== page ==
NOTTINGHAM – Looking back over the crowded events of the past four years, the kinema trade in Nottingham may be heartily congratulated on its present flourishing condition. The first six months was marked by a general slump, then after a spell of good business, darkened streets and air raid fears dealt the business another nasty blow. This also passed and the last twelve months have been marked by phenomenal records…
Peace rejoicings have caused a falling off in the patronage of the picture houses in the city. The people have been too busy celebrating the Allies’ victory but the slump is but temporary and there is sure to be a big rush to the kinemas when the public resume their normal routine again.
DERBY – As much as elsewhere the picture houses of the town were the venues of joyous scenes on the announcement of the signing of the armistice. With folk taking up the holiday spirit the halls were packed on that memorable night, and everybody seemed to have forgotton the ‘flu. The temporary relaxation of the lighting restrictions gave exhibitors a chance to show some enterprise in illumination, and the White Hall in particular excelled itself with five large arcs and the dome lit up, while the numerous flags of the Allies made a grand display. It was a strange thing to see picture house signs all ablaze.
BARNSLEY – The kinemas of Barnsley have done war service of practical and valuable character. Barnsley as all the world knows is located hard by one of the richest mineral valleys in the world, and is the capital town of the Yorkshire coalfields, and the home of that great trade union, the Yorkshire Miners’ Association. With the coal, glass and linen trades enjoying locally record wages and the ranks of the toilers swelled by shell makers and women munition workers, the amount of money expended on necessary recreation has reached a height which has made the weekly receipts at the places of entertainment eminently satisfactory.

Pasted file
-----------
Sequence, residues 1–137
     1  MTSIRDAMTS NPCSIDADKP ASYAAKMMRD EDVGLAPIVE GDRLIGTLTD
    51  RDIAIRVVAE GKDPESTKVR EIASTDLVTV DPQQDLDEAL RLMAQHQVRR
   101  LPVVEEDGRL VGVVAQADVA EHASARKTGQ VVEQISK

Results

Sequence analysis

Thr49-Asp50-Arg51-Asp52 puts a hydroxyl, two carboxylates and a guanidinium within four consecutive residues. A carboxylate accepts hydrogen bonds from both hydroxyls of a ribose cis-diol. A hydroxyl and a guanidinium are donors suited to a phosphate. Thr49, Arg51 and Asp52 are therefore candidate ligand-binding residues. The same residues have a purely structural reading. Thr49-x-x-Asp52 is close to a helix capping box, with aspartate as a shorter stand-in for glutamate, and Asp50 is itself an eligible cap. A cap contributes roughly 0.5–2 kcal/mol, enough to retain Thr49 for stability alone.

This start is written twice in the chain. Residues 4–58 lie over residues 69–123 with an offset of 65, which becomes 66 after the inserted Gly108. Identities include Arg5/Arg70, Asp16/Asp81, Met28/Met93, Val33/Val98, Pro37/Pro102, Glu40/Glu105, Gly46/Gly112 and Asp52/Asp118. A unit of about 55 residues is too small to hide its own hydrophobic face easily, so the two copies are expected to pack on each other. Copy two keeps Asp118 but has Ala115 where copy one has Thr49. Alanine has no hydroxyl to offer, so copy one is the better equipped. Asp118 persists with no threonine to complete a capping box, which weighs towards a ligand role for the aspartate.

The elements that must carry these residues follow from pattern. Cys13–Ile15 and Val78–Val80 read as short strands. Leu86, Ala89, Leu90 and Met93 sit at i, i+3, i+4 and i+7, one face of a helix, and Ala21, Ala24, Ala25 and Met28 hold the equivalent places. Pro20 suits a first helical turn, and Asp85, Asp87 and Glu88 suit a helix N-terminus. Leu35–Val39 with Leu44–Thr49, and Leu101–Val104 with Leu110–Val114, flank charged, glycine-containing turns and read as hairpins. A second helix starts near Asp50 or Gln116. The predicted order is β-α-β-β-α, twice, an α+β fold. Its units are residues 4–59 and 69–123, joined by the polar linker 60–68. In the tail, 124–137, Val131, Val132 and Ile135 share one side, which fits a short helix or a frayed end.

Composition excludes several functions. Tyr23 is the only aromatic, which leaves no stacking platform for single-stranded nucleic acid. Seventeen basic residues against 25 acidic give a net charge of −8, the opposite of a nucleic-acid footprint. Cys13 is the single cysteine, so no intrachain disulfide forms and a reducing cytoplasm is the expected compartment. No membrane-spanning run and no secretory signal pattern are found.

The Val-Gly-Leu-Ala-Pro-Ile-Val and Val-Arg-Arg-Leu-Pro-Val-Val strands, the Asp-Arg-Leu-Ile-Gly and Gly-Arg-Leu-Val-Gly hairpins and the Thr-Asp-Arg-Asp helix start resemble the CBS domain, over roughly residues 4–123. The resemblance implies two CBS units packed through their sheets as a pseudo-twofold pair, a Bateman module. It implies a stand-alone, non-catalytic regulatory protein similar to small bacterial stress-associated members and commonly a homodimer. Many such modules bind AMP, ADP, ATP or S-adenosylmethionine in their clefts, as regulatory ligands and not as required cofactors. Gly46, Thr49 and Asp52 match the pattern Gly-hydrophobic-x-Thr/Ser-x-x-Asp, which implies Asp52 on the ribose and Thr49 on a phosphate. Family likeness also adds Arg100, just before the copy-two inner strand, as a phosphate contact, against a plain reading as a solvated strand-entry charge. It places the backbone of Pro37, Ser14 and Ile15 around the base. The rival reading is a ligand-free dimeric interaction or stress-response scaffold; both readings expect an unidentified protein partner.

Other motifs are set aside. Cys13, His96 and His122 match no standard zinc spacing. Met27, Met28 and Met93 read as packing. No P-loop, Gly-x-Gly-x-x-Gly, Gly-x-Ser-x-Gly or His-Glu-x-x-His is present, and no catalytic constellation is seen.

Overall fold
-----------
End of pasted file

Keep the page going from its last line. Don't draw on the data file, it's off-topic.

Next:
As a relief against the natural axietities of war time and a tonic to tired nerves and muscles, the Barnsley kinemas have provided just the medicine needed to keep indispensible workers up to scratch. That the movies are popular with the miners is abundantly evident by their constant and regular patronage of the shows which usually speaking are put on in Barnsley with discrimination and taste.
ROTHERHAM – One hardly realised there were so many kinema houses in Rotherham until ‘Peace Night’ where, with all exterior lights on full they helped to dispel the night gloom of the streets to which we have become so accustomed. Huge crowds were in evidence at each place, and the national airs provided by the orchestras were sung with much heartiness.
DONCASTER – The news of the signing of the armistice set the town in a whirl, and the kinema houses did a roaring trade. In celebration of the event A.L. Rhodes of the Picture House had open house, and the magnificiently appointed screen palace was packed all the afternoon and evening by cheering throngs, while special musical numbers were given during the day by the orchestra. The building was handsomely decorated with flags and bunting and the good work was carried on in a collection in aid of the sorely tried Royal Infirmary which resulted in £26 being handed over. With his usual generosity Mr Rhodes has arranged a big infirmary day for December 5th, when the house will be given over to the institutions, the whole of the proceeds being devoted to that very deserving establishement. In additions prizes are to be given to those who most nearly estimate the total takings.
BRISTOL – What a week! When the news that the armistice had been signed reached here on Monday the long pent up feelings of the people burst forth like a flood. Bristol streets were filled with a packed mass of happy people, laughing and singing, for to the public the armistice meant practically the end of the war… City kinemas did well, the order for the exclusion of soldiers was suspended much to the delight of the men in khaki, to home [them?] the pictures are a continual source of leisure, and for the time being other restrictions were relaxed. Naturally the crowds found their way through the doors of the picture houses and with lighter hearts than they have had for over four years settled down to enjoy the movies, which have been such a solace and comfort during the dark days which we have passed. War pictures and portraits of the leaders of the Allied cause were cheered to the echo when they appeared on the screen, while in several halls the audience joined heartily in the singing of popular songs. The Premier had a particularly appropriate film in ‘The Kaiser: The Beast of Berlin” p. 103.